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Red Bull heir a no-show in deadly hit-and-run case
April 27, 2017 / 5:26 AM / in 6 months

Red Bull heir a no-show in deadly hit-and-run case

Director General of the Prosecution office of the Bangkok South Criminal Court, Suthi Kittisuppaporn speaks to members of media as he arrives at the South Bangkok prosecutor's office in Bangkok, Thailand, April 27, 2017. REUTERS/Chaiwat Subprasom

BANGKOK (Reuters) - An heir to the Red Bull fortune failed to meet with prosecutors in Bangkok on Thursday over an alleged hit-and-run that killed a police officer five years ago -- a case that has raised questions whether the justice system favours the rich and famous.

It was the eighth time that Vorayuth “Boss” Yoovidhya has missed prosecutor orders to report to court since legal proceedings against him began in 2016.

Vorayuth was charged with speeding, hit-and-run and reckless driving that caused death in the 2012 incident.

“He sent a letter requesting to move the appointment but he can’t do this again,” Suthi Kittisuppaporn, director general of the prosecution office of the Bangkok South Criminal Court, told reporters.

Asked whether an arrest warrant would be issued for the Red Bull heir, Suthi said his office would act “according to procedure.”

“If we find him we must arrest him,” he said.

Attempts by Reuters to reach a lawyer for Vorayuth went unanswered.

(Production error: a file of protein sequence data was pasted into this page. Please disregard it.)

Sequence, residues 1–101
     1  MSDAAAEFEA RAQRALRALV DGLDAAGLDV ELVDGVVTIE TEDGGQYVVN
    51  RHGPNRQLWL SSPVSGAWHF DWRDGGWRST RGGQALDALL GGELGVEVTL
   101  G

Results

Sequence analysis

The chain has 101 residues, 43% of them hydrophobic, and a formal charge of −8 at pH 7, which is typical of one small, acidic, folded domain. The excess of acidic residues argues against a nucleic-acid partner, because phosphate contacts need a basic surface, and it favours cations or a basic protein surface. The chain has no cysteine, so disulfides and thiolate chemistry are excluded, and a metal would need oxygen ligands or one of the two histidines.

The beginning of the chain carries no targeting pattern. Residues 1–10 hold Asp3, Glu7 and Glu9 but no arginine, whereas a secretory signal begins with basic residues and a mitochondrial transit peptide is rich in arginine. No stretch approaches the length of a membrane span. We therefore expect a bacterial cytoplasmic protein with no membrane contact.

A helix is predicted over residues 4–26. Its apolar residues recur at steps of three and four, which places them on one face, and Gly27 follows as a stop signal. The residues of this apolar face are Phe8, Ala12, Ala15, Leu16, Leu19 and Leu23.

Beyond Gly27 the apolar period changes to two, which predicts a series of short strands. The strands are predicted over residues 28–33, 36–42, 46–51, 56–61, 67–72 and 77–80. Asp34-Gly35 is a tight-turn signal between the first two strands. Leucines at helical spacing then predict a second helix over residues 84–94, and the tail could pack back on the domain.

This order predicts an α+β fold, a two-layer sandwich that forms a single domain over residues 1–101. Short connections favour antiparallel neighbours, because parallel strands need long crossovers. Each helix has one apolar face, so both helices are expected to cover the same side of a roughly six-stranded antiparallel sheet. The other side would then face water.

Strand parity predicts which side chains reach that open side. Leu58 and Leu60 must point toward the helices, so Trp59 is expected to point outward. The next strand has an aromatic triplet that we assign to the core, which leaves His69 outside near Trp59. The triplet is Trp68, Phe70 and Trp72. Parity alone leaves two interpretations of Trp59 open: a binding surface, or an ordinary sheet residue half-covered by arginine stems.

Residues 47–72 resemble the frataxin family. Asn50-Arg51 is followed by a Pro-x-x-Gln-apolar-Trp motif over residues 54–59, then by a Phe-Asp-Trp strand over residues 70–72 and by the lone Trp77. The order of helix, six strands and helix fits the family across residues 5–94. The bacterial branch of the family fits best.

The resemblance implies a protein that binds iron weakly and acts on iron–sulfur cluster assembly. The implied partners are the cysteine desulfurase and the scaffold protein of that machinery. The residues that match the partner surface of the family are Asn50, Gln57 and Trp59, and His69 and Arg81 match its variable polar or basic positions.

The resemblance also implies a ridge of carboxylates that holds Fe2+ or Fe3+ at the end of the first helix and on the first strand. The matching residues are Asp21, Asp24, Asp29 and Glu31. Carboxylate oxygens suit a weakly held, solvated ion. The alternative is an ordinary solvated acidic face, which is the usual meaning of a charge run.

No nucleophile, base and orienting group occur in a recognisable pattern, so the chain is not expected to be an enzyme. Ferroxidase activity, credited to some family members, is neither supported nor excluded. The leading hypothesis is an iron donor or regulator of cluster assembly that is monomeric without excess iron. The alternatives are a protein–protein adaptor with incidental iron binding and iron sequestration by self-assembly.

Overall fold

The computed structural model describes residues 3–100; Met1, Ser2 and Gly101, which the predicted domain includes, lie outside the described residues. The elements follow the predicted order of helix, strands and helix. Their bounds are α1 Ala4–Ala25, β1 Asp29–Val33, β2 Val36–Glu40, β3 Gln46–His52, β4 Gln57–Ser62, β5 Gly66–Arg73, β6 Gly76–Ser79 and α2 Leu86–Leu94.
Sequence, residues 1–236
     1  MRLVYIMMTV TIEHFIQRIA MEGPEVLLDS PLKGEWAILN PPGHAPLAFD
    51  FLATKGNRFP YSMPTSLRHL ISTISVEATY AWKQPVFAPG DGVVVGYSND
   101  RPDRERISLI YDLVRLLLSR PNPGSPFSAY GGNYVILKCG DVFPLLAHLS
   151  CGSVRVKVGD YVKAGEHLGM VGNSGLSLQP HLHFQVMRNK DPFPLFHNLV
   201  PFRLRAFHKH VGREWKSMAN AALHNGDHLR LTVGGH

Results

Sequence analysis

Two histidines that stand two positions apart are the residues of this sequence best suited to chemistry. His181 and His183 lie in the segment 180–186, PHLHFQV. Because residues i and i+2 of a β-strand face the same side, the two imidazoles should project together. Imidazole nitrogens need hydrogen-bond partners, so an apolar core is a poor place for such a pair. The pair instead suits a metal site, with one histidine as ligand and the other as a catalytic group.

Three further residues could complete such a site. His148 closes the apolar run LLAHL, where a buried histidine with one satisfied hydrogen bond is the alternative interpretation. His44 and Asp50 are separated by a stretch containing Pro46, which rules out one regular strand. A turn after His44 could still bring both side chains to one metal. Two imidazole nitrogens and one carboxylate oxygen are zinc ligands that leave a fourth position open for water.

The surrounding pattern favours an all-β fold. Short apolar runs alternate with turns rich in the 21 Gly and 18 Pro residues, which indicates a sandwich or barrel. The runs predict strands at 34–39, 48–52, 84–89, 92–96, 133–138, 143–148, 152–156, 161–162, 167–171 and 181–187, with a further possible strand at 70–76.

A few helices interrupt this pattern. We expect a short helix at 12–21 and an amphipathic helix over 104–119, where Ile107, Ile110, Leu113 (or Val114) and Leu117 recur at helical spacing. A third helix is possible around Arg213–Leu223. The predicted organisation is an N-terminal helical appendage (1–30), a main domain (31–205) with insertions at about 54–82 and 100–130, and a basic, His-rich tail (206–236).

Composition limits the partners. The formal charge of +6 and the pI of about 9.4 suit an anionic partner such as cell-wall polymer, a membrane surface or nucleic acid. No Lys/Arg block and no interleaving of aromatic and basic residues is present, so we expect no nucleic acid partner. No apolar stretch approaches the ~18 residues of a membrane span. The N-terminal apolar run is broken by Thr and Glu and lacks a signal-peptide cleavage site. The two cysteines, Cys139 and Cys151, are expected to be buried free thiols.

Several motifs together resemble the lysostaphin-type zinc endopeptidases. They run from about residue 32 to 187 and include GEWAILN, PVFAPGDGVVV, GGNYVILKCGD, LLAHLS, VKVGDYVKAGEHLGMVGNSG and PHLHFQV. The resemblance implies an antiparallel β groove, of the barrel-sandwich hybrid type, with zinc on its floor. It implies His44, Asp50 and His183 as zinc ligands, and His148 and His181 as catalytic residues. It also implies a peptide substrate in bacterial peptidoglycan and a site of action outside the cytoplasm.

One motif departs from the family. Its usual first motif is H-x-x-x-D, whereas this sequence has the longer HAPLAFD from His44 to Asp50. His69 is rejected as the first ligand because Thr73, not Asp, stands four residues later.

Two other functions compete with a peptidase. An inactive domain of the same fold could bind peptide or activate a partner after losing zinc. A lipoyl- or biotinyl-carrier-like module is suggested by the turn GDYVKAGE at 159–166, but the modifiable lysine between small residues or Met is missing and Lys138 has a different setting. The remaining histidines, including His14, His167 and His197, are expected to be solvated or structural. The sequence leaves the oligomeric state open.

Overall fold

Vorayuth is a grandson of the late Chaleo Yoovidhya, creator of the Kratin Daeng, or “red bull” in Thai, energy drink. Chaleo, 88, was listed as the third richest person at the time of his death in 2012, with an estimated net worth of US$5 billion, according to Forbes magazine.

His grandson Vorayuth, who has spent much of the past five years abroad, including in London and Singapore, according to social media posts, has previously cited work commitments abroad as reasons for not showing up to court.

In 2012, Vorayuth allegedly crashed his Ferrari into a police officer on motorcycle patrol in Bangkok’s upscale Thonglor neighbourhood. He is accused of fleeing the scene and dragging the officer’s body for several dozen meters with his car.

Vorayuth’s speeding charge expired a year after the accident. The charge of hit-and-run carries a penalty of up to six months in jail and expires in September while the reckless driving charge carries a maximum penalty of 10 years of jail and expires in 10 years’ time if left unchallenged.

Reporting by Juarawee Kittisilpa and Panarat Thepgumpanat; Writing by Amy Sawitta Lefevre; Editing by Michael Perry

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